At the end of last year, Made In Space made what was a huge achievement for 3D printing in space by sending their Zero G 3D printer, capable of 3D printing without gravity, to the International Space Station. There, it has 3D printed numerous components, including a now famous wrench and twenty-three other prints that have since returned to Earth for lab analysis. The ability to 3D print without gravity restraints will allow those aboard the ISS to 3D print tools and parts using raw material, preventing the need for direct shipments of such objects from Earth. This ability is an exciting one, but the true goal of NASA and Made In Space has been to 3D print in vacuum of space itself. Today, Made In Space has announced that such a feat has now been proven possible through a series of tests performed here on Earth.
Made In Space has been working on a commercial 3D printing lab that will be flown to the ISS later this year. Dubbed the Additive Manufacturing Facility (AMF), this platform was outfitted with the firm’s proprietary “vacuum-compatible extrusion heads”. Over the course of the last month, the space-focused startup has been performing a round of tests on this next generation 3D printing system to demonstrate the ability to 3D print in the vacuum of space – an image of which is posted below. And, so far, so good, as Made In Space was able to 3D print a number of specimens from aerospace-grade plastics that will now be analyzed in terms of their mechanical properties, which will be compared to the same parts made in the Earth’s atmosphere.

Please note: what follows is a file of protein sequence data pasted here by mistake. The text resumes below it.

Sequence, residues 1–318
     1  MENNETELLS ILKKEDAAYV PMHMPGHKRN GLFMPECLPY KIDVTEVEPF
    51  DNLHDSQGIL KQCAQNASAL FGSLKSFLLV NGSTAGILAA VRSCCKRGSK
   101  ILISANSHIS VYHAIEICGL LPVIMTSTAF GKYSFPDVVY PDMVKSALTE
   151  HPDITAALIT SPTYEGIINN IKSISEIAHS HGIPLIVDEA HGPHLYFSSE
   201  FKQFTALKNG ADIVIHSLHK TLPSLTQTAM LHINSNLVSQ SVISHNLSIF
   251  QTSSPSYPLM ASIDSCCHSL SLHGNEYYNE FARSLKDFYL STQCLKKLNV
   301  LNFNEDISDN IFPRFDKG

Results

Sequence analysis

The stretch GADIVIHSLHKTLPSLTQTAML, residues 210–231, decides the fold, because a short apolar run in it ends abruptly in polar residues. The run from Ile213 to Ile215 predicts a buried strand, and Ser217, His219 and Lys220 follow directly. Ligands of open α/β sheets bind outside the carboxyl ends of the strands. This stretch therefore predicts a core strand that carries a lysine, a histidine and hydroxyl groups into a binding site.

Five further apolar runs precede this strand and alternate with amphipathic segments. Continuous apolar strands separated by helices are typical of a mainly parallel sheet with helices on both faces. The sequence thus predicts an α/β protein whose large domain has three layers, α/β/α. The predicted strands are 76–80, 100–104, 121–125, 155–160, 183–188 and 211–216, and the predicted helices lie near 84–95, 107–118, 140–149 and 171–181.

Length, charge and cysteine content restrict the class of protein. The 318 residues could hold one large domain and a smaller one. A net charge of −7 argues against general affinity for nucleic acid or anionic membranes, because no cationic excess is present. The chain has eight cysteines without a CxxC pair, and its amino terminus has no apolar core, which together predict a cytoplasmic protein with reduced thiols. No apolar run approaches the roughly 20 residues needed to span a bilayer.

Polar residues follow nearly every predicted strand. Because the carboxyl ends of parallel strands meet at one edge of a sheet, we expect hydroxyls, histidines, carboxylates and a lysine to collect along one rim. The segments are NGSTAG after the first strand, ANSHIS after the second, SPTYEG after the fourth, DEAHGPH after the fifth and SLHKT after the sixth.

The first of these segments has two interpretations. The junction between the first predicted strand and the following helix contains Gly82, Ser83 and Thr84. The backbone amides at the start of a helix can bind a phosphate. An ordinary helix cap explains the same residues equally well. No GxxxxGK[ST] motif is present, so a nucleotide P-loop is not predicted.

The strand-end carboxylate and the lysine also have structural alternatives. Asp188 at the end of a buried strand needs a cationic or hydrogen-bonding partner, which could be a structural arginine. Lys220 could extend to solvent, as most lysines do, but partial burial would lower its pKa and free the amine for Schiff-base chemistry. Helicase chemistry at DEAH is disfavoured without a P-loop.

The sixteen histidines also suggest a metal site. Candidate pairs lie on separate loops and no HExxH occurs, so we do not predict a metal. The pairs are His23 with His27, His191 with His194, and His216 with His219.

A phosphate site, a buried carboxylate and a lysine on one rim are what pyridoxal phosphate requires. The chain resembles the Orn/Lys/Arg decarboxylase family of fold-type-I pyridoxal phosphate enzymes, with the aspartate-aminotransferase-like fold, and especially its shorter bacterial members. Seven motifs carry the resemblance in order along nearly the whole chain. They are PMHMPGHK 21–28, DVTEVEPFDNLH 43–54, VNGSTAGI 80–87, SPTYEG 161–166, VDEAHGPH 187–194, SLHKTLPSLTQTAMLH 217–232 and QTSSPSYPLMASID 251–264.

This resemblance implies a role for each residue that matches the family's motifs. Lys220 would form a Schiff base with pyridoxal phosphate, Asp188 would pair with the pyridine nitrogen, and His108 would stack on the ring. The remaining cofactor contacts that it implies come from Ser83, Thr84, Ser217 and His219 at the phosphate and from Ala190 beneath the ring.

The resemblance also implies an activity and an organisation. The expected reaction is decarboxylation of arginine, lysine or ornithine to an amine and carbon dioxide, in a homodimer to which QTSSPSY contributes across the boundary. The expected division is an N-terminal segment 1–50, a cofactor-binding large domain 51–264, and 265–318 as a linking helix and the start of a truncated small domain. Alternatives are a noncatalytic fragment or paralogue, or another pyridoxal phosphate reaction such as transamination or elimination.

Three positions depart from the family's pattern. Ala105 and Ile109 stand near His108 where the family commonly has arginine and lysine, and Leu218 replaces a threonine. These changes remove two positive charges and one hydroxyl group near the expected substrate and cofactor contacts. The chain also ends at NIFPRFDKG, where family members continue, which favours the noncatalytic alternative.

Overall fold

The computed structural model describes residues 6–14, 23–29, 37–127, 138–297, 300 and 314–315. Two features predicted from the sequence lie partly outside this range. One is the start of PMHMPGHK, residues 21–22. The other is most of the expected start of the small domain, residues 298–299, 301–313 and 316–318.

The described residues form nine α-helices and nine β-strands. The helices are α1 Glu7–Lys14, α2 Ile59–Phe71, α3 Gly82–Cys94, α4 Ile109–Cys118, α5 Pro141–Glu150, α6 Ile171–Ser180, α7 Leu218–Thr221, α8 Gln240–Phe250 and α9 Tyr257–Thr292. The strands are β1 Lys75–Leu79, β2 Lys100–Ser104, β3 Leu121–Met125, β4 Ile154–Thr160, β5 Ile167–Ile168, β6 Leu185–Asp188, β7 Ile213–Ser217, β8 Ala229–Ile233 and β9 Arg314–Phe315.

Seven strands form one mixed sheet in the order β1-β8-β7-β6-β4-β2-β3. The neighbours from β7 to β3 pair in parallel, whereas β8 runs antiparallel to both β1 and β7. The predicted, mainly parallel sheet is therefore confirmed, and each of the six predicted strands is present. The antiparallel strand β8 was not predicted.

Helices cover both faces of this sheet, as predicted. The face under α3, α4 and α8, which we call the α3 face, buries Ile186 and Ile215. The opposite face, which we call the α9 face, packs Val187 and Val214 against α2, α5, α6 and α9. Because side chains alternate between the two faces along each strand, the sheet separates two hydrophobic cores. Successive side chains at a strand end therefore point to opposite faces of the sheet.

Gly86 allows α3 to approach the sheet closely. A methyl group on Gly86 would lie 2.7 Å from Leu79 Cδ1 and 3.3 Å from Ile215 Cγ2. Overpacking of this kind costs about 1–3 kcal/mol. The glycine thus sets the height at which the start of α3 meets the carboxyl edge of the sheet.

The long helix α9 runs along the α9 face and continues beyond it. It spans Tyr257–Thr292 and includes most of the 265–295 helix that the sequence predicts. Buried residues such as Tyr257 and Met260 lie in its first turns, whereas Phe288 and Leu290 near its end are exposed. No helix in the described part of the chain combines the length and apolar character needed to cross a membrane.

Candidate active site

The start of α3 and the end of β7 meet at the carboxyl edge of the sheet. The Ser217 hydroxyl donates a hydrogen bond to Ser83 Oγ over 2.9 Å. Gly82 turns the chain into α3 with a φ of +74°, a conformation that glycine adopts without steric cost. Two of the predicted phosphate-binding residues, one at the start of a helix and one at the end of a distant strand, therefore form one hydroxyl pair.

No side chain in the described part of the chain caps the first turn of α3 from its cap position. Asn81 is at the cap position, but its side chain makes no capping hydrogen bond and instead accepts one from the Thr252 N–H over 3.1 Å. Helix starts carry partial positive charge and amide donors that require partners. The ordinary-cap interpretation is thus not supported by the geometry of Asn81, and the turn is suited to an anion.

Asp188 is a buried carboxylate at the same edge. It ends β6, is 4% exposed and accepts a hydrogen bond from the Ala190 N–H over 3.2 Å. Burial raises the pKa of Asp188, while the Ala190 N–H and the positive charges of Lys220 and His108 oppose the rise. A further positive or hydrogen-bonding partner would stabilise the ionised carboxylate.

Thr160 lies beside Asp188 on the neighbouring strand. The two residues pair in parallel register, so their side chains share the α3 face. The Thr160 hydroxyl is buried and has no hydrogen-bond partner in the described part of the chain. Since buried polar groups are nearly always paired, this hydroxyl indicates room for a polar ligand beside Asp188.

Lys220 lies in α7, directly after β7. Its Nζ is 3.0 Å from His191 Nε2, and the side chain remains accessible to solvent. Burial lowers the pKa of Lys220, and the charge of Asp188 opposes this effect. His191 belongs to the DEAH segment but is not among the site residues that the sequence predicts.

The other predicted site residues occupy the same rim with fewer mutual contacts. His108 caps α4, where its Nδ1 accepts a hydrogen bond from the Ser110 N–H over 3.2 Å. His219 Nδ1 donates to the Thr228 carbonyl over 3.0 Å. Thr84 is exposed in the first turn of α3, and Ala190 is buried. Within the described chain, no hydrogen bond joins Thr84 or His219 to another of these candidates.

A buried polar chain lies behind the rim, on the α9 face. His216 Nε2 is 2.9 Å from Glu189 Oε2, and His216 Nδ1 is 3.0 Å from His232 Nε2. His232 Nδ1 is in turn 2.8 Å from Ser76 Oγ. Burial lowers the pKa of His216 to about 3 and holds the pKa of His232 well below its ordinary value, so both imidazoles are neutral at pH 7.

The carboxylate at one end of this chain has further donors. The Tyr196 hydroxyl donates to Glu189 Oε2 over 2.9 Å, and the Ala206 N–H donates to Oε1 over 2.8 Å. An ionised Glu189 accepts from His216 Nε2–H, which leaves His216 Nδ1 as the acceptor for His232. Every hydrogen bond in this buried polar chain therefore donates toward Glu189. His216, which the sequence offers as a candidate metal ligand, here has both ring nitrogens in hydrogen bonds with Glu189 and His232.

Mike Snyder, Chief Engineer at Made In Space, says of the astounding accomplishment, “We believe we are as little as 18 months away from incorporating the current designs into on-orbit tests.” He continued, “These preliminary tests, combined with our experience with microgravity additive manufacturing, show that the direct manufacturing of structures in space is possible using Made In Space developed technologies. Soon, structures will be produced in space that are much larger than what could currently fit into a launch fairing, designed for microgravity rather than launch survivability. Complete structural optimization is now possible in space.”
With the ability to 3D print in space, humanity will be able to fabricate objects that are too large to launch due to size and weight restrictions. For instance, NASA’s SpiderFab project intends to 3D print the underlying structures for such objects as antennas and solar panels. Not only can these objects be larger than those currently being folded up and flown aboard rockets, but they can have optimized geometries to be more effective. While an antenna could improve communication, an optimally designed, large-scale solar array could power spacecraft, robots, drones, and more. And, though such projects as mining asteroids with solar-powered drones might seem like science fiction, the news that Made In Space plans to send their AMF to the ISS later this year implies that science fact could be realized in the very near future.